Did you know that we’re in the middle of Pollinator Week? Organized by the Pollinator Partnership, this is an international celebration of pollinators, and a time to spread the word about pollinator protection. And while your thoughts might turn to honeybees, bumblebees, or butterflies, there is far greater diversity among pollinators in our area. Let’s get to know some of these unsung pollinator heroes.
According to the Xerces Society, there are approximately 3,600 species of bees native to the United States. At least 437 bee species call Pennsylvania home, including 23 introduced species (such as the honeybee, Apis mellifera). While many of us think of bees as social insects, colonial species like bumblebees and honeybees are actually a minority among bees. Over 90% of bee species are solitary, with each female excavating her own nest and tending to her own young.
Many solitary bees are small and dark. It can be easy to mistake them for flies. They nest in the soil, in wood, and in the stems of dead plants. While they possess stingers, solitary bees are far less likely to sting than social bees with large colonies to defend.
Brilliant Little Bees
Not all solitary bees are tiny and drab. Some, like certain sweat bees (family Halictidae), can be vividly colored, as with the emerald-colored bee in the photo below. Sweat bees are so called because they are attracted to sweat. On a hot summer day, it’s common to see small bees land on your arm. They’re harmless – all they want is the sodium in your sweat!
Bees are not only incredible diverse in form – their behavior, and the niches they fill in their ecosystems, vary widely as well. For example, certain bees don’t bother excavating and provisioning their own nests. Instead, they rely on other solitary bees to do the work for them. These bees, called social parasites or cleptoparasites, lay their eggs in other bees’ nests. There, the host larvae is killed, and the parasite larvae feeds on the pollen provisions intended for the host. This may sound gruesome to us, but the presence of parasitic bees may actually indicate that local bee populations are healthy and diverse.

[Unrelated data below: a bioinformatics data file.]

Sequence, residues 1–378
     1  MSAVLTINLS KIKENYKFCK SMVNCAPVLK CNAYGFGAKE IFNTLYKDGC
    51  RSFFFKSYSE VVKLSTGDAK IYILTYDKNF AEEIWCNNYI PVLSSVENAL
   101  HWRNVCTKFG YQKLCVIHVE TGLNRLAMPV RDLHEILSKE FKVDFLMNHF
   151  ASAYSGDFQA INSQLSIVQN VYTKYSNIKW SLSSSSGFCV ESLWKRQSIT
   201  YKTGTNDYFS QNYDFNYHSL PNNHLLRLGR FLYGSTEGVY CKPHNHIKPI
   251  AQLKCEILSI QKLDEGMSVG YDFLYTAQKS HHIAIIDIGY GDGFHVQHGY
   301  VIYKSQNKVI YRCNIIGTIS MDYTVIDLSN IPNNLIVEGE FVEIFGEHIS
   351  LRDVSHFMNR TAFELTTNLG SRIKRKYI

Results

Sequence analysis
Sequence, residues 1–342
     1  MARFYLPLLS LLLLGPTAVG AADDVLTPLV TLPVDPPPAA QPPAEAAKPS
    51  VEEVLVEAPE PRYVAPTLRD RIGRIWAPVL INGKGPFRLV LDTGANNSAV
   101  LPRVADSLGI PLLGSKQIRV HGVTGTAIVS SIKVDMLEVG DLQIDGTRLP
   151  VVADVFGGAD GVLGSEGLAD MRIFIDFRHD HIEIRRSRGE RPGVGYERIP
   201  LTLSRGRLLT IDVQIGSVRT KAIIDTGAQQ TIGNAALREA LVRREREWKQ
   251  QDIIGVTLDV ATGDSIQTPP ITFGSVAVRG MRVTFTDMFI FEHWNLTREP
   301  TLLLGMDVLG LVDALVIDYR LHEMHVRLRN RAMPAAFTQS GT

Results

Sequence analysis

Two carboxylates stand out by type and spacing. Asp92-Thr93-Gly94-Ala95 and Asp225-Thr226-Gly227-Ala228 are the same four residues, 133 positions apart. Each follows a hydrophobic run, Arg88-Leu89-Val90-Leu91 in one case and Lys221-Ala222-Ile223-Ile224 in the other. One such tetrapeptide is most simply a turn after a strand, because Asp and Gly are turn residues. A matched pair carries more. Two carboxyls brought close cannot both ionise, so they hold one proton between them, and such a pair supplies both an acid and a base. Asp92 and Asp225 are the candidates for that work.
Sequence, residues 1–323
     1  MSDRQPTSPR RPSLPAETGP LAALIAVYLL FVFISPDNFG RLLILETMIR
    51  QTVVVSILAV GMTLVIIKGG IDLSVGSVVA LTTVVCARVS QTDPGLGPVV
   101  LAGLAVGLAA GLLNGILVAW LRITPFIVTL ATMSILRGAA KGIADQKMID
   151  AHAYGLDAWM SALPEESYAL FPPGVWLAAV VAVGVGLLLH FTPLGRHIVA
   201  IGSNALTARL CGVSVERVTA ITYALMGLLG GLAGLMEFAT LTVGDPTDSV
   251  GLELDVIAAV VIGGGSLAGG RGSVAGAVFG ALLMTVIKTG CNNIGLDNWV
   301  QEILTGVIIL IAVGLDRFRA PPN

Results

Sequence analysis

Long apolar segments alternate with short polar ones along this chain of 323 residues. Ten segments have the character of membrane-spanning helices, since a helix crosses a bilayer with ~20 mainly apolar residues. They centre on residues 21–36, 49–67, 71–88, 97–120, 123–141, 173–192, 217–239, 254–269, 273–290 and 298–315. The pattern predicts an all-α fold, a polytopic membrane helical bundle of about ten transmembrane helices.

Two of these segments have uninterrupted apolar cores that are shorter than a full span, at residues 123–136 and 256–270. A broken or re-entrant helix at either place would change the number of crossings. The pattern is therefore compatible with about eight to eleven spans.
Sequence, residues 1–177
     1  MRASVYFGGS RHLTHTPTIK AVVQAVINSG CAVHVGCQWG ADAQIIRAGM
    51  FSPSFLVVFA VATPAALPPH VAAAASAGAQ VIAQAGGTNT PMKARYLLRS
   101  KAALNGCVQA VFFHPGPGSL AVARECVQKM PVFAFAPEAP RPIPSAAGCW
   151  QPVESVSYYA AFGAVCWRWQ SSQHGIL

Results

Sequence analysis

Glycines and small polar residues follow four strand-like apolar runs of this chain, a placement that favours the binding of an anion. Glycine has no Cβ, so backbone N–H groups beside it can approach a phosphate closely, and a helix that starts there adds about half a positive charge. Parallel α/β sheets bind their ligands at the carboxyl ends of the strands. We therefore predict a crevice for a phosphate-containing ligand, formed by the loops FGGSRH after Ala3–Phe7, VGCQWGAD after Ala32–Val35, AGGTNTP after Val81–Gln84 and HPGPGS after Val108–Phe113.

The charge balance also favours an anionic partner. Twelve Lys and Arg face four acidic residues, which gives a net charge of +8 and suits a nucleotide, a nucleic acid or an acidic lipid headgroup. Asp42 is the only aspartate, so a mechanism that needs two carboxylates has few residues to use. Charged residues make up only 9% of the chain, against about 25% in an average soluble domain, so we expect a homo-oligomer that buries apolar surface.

There are over 85,000 species of fly worldwide, making them one of the most diverse insect orders. While they’re often considered pests, several species are important pollinators. Some plants like our native Pawpaw tree (Asimina triloba) may have evolved to rely on blow flies for pollination, developing flesh-colored and/or pungent blooms thought to resemble carrion. Other fly species, such as Hover or Syrphid flies, are doubly beneficial: the larvae devour insects including aphids, while the adults pollinate flowers as they feed on nectar and pollen. The Drone fly in the photo below mimics honeybees.
The Xerces Society notes that beetles are the most diverse group of organisms in the world. What’s more, they and flies were probably the first pollinators to evolve, appearing approximately 150 million years ago! These true unsung pollinator heroes are incredibly beneficial to our landscapes. While some species are notorious garden and farm pests, others, like the soldier beetle pictured below, function as both pest control and pollinators at different points in their lives. Also called leatherwing beetles, the adults pollinate flowers as they feed on pollen, and the larvae are effective predators of aphids, caterpillars, and other beetles.